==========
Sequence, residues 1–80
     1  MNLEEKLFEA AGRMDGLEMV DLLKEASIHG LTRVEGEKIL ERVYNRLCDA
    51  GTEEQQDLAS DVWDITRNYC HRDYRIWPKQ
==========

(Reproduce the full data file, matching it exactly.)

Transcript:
Sequence, residues 1–80
     1  MNLEEKLFEA AGRMDGLEMV DLLKEASIHG LTRVEGEKIL ERVYNRLCDA
    51  GTEEQQDLAS DVWDITRNYC HRDYRIWPKQ